By JOHN C. COTEY
© St. Petersburg Times, published May 17, 2001
Legends Field woke up Wednesday afternoon.
After two uneventful days -- with apologies to the Class A and 2A champs -- a team and a crowd decked out in green made the stadium come alive.
It let you feel and hear a baseball game rather than just see it. A day after the defending Class A state champions, Jacksonville Arlington Country Day, played for a title in front of 30 or so of their fans, Tampa Catholic's faithful reminded you of why you came. They reminded you of much more, too, willing their team to a thrilling seventh-inning rally that might have been the best in recent state tournament history. They reminded you it's okay to follow your team here, to scream, to paint your face, to dye your hair green, to clip tea bags to your shirt in honor of your favorite player (in this case, Tony "T-Bag" Moscato).
They reminded you, fittingly enough in Yankee Stadium South, that it ain't over 'til it's over. They broke the silence that had been Legends Field.
"There was energy," Moscato said. "It was incredible."
Rub the daze out of your eyes and sit up straight.
The state baseball tournament has started. Some will tell you it started Monday, and there were trophies and medals handed out to prove it; some nice plays, some hard hits, some good games.
But let's be honest. The tournament officially started Wednesday afternoon, sometime after Marianna's Alan Horne threw his last warmup pitch in the seventh inning and Tampa Catholic's Brian Nowotny took his first swing.
It was a hit. And there were others that inning. Six more to be exact. Marianna's 7-2 lead shrunk. The noise did not.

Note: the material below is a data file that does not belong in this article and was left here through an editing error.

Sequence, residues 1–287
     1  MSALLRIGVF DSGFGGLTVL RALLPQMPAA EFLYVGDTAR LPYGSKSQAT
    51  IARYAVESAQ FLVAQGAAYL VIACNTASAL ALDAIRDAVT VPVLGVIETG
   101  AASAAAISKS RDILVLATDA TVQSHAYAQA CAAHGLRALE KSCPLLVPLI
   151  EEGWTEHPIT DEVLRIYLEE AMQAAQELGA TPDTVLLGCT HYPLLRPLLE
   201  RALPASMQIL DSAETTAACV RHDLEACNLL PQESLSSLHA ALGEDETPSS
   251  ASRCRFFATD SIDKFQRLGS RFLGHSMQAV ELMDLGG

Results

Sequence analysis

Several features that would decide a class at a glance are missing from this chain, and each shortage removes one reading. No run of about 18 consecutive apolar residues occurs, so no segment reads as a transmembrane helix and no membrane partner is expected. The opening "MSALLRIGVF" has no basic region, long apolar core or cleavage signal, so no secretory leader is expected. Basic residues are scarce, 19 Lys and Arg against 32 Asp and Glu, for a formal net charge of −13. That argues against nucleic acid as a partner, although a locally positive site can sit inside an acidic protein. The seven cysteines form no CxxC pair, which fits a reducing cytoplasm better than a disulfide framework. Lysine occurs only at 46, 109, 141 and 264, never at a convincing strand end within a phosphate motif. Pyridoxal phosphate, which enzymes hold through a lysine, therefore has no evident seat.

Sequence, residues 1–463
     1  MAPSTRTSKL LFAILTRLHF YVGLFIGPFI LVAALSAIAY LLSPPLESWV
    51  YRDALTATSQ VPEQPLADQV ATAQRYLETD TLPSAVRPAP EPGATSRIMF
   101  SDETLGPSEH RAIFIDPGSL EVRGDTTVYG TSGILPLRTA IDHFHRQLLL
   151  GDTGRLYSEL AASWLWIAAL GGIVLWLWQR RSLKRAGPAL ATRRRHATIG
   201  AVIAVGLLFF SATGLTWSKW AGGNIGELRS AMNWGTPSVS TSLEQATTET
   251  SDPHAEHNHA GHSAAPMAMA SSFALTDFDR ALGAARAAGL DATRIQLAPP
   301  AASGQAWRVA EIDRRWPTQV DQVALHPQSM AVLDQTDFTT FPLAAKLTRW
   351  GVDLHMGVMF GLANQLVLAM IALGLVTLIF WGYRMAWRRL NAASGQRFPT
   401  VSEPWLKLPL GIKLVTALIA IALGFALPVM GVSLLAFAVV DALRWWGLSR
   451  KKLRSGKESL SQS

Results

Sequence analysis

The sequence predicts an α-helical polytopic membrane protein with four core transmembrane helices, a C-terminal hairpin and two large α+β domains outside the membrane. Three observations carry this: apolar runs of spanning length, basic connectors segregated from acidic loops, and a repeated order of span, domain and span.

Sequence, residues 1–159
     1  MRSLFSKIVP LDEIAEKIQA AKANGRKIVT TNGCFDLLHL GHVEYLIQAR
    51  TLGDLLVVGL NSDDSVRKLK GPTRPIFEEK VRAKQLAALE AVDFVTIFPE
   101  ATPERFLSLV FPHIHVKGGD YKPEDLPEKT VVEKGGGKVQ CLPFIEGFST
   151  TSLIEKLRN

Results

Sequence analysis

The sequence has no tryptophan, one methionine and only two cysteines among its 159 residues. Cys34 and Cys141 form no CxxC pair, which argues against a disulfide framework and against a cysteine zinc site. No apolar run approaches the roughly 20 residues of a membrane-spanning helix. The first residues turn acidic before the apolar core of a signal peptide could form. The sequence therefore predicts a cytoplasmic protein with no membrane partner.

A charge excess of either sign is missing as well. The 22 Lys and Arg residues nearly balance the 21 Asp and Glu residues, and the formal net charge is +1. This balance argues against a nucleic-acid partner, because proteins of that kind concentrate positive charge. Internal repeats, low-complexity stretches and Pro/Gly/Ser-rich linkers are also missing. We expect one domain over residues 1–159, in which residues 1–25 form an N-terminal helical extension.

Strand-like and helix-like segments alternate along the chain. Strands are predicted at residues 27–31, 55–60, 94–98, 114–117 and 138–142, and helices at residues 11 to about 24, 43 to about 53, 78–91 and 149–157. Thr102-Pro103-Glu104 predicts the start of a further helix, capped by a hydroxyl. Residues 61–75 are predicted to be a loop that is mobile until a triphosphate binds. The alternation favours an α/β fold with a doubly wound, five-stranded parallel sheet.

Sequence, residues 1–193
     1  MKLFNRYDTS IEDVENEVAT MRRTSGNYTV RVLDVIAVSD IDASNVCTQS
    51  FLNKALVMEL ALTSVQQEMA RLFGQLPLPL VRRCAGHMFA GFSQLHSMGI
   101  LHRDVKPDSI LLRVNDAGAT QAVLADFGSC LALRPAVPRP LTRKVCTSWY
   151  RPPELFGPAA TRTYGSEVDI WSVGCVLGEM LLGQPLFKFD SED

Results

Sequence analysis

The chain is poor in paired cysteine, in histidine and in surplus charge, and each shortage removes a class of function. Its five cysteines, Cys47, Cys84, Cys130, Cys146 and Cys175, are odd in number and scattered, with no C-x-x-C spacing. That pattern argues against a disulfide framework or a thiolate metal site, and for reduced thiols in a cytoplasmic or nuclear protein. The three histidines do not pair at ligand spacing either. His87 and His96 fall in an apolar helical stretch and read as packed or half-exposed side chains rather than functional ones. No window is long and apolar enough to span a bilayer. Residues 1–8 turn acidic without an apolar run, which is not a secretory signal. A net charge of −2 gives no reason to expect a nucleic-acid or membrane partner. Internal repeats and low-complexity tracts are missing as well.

Kids in khaki shorts and T-shirts with the names Moscato, Shirk and Cleveland crudely scrawled across the back stood up and waved their arms in the hot sun. Parents clapped wildly from the shade a few rows up.
The game, as improbable as it seemed when the bottom of the seventh inning began, was tied.
"Energy," TC coach Chuck Yingling said.
Horne, the Marianna ace, had none. Coach Scott Miller visited him once during the inning and decided to stay with him. Said he was fine.
This was not the same pitcher who beat Tampa Catholic two years ago 1-0 in the same semifinals on this same field. He was not even the same guy he was early on, when he held the Crusaders to three hits through the first six innings.
But "he's the one that got us here," Miller said. "He's battled many, many times with his back against the wall. With the game on the line, that's who we wanted out there."
Which was fine with Tampa Catholic. Its players weren't impressed anymore. Nowotny had done it once, starting the inning with a hit. Why not again?
In 1996, the Crusaders won a state title, but there was a semifinal first. In it, they found themselves down 7-3 going into the seventh inning. Jimmie Giles hit a curling grand slam at Sarasota's Ed White Stadium to tie Pensacola Catholic. One hit and two walks later, Vince Lopez singled in the game-winner.
Then Vince Lopez.
Now Brian Nowotny.
Tampa Catholic magic -- in the name of the Father, the Son and the bases-loaded hit.
Legends Field erupted. It screamed. It squealed. It felt like what an actual state semifinal should feel like.
It was contagious. Cape Coral and Daytona Beach Seabreeze followed with a thriller in the 4A semifinal, and Clearwater played later Wednesday. Tampa Catholic will play for the 3A championship today. Seminole rolls into town Friday for the 5A games.
Bring all ye faithful, in Tornado red, Crusader green and Warhawk orange.
And wake up.
The state baseball tournament has started.